During the 1990s and early 2000s, Alaric took on the complex and difficult task of co-editing, with Deirdre Dragovich, the IAG’s series of 14 books published as the Meridian Series: Australian Geographical Perspectives by Oxford University Press. Titles in the series cover a range of topics representing contemporary Australian teaching and research. His commitment to ensuring the high quality of this series of books, used extensively in tertiary and higher level secondary teaching, was of great value to teaching staff who were looking for robust, relevant, locally written and locally focussed material that they could rely on at a time when there was little material focussed on Australia of national application.

Notwithstanding his significant contributions to geography and geographical education during his years of paid employment, Alaric has been remarkably productive and enormously influential since his so-called ‘retirement’.

First, Alaric played a pivotal role in devising, monitoring, and implementing the Australian curriculum in geography. He was initially a member of the steering committee and a key writer in the joint project between the Institute of Australian Geographers, the Royal Geographical Society of Queensland and the Australian Geography Teachers Association: Towards a National Geography Curriculum for Australia. He was then appointed by the Australian Curriculum and Assessment Authority as Lead Writer, and later the Writing Coach, for the preparation of the geography curriculum for Australian schools. He has continued to publish on the new curriculum, including a book on Understanding and Teaching the Australian Curriculum: Geography for Primary Schools, in order to assist a generation of teachers who may not have been trained in geography or geographic research methods to be confident in their approach to the new curriculum. Alaric’s contributions to the new Australian curriculum are widely recognised by the nation’s professional geographers.

Work on the curriculum and teaching the teachers continues today. Alaric has recently published a series of articles on ‘powerful’ knowledge and its relevance to geography. These articles focus on ways of thinking and communicating. He concludes ‘the concept of powerful knowledge provides a way to communicate geography to non-geographers demonstrating that these ways of thinking and understanding are both educationally valuable and not taught in any other subject’. These are powerful words about a new approach to geographical education.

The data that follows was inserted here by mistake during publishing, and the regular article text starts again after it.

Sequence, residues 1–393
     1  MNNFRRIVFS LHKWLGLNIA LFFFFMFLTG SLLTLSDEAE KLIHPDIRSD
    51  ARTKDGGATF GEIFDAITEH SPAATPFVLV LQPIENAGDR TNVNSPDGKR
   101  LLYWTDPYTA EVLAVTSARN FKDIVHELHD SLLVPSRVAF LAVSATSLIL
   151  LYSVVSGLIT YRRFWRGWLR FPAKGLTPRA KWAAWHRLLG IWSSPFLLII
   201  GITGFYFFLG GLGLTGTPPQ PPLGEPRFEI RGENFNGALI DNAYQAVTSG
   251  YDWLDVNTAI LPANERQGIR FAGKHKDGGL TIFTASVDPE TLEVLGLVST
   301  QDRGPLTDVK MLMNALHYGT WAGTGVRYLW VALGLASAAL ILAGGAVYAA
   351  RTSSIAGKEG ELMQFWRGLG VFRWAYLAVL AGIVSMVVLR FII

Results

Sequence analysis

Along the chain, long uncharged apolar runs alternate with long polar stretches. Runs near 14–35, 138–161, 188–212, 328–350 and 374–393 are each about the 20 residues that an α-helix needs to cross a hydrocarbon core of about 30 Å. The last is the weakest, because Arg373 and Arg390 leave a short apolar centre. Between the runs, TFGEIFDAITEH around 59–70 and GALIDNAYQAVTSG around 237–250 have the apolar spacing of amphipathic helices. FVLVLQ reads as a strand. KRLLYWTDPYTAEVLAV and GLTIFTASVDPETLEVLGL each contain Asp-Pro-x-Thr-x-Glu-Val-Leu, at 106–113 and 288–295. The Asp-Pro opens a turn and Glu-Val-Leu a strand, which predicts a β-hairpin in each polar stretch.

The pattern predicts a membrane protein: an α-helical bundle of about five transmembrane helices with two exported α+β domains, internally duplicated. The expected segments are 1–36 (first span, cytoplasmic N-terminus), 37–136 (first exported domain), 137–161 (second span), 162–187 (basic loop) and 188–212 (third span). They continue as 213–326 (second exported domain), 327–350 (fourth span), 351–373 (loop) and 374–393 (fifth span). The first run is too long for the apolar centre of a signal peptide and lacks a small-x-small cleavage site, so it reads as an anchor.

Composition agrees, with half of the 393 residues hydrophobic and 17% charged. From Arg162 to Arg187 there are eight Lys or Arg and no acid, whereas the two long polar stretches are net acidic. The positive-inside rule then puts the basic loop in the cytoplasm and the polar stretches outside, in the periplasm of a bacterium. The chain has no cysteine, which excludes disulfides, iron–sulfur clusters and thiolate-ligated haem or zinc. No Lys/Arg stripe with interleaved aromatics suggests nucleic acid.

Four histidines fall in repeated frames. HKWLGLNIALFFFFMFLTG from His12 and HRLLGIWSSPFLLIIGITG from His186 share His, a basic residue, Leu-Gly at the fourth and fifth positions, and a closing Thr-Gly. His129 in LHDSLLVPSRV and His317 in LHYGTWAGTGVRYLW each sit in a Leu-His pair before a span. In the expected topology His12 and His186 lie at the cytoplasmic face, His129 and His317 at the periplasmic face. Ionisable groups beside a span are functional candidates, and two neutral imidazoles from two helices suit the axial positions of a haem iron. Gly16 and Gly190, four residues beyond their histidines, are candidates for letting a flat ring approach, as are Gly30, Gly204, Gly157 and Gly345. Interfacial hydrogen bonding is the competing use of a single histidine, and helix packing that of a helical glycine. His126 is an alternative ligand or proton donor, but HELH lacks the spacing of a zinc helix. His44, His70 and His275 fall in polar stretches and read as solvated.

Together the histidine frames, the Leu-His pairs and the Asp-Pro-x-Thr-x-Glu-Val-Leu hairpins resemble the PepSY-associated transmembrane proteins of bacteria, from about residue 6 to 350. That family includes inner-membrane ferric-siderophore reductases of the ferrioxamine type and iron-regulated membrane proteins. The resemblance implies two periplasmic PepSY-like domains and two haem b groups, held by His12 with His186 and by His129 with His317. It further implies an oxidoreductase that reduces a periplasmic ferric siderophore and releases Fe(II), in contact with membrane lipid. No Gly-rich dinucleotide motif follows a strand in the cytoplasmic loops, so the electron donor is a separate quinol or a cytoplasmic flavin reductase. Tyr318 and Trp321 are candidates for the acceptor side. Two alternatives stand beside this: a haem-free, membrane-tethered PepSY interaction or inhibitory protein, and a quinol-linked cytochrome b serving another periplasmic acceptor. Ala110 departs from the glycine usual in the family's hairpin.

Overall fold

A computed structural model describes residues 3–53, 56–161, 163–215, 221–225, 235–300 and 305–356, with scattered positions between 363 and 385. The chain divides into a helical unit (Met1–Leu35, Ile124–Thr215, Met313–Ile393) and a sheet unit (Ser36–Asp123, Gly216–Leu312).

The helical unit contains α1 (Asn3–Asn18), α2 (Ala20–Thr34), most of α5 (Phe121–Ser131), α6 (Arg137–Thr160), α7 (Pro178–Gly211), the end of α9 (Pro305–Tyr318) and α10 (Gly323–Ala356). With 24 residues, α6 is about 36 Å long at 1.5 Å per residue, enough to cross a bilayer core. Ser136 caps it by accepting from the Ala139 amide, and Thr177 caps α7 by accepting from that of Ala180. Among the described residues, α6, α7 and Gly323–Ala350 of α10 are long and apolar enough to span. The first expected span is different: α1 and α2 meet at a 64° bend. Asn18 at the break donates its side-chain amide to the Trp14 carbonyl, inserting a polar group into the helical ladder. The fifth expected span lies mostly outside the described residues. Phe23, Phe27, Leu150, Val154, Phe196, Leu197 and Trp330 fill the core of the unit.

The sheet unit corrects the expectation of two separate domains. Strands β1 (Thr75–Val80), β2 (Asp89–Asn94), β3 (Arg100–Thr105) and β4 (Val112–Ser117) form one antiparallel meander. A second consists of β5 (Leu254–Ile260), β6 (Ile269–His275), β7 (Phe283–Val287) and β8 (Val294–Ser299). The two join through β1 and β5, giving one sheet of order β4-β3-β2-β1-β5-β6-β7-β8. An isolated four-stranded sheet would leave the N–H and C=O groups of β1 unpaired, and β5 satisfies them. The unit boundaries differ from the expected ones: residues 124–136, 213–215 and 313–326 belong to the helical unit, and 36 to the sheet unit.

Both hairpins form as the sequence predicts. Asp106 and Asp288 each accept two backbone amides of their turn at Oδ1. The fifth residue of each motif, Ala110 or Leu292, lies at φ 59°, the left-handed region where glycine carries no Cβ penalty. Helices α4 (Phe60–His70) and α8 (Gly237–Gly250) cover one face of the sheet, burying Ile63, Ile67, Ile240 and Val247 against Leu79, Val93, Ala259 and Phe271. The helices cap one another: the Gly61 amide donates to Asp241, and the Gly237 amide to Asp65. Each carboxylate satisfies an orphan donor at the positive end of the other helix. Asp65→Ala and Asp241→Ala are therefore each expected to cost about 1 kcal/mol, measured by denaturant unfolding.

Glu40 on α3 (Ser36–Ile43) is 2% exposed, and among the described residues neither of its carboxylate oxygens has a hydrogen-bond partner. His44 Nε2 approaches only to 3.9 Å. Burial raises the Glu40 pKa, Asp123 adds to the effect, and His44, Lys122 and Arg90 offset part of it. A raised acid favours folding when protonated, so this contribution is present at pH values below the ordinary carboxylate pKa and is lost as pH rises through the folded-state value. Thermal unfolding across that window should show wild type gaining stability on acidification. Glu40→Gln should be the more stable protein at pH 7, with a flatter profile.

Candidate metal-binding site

Second, Alaric has been the driving force behind the development and completion of the 2018 Academy of Science’s Decadal Plan for Geography, Geography. Shaping Australia’s Future. This decadal plan sets the nation’s strategic directions for geography until 2028. It focuses on the contribution of geographical research to the wellbeing of Australia and Australians, and of Australia’s neighbours in the Asia-Pacific region. Given Alaric’s personal and professional background, this was work to which he was ideally suited to lead. Production of the plan involved: visits to almost every university in the country; a vast number of conversations and interviews with academic geographers; a national online questionnaire; consultation sessions at two conferences of the Institute of Australian Geographers; and co-ordination of the writing activities of nineteen of the nation’s leading geography scholars. The aim was a document that speaks with equal clarity and power to policy-makers, scholars and lay-readers. The outcome is a significant, coherent and concise plan that will assuredly shape the future of Australian geography.

Alaric has dedicated much of his life and work extending the importance of geography to as wide as possible an audience. He has engaged previously neutral policy makers in understanding the importance of keeping geography in the forefront of the education of young people. He has made clear to students, politicians and others the significant role geography plays in the future development of Australia and in understanding the interaction between people and places. His influence has been profound; his achievements remarkable. For decades, Alaric Maude has proven himself to be a strong, insightful, well respected and gentle person who has given an outstanding amount of himself to Australia and geography in particular.

Dr Maude’s enduring and important contributions to the profession have been acknowledged in a number of ways. In 1997, he was awarded a Professional Service Commendation by the Council of the Institute of Australian Geographers for his work on the development of the Meridian Series. In 2009, he became one of the very few Distinguished Fellows of the Institute of Australian Geographers, and in 2013 the Australian Geography Teachers Association presented him with the Don Biddle Friend of Geography Award for outstanding contributions to geographical education. And then, of course, is his more recent and significant award of Member of the Order of Australia. We believe the time has now come for the IAG to further recognise the distinguished contributions and enormous influence over contemporary Australian geography of one if its longstanding supporters. To that end we commend Dr Alaric Maude AM to the IAG as an eminently worthy recipient of The Griffith Taylor Medal.

Nominated by:
Iain Hay, Flinders University.
Steve Turton, Central Queensland University.

Seconded by:
Cecile Cutler, Flinders University.
Elaine Stratford, University of Tasmania.
Phil McManus, The University of Sydney.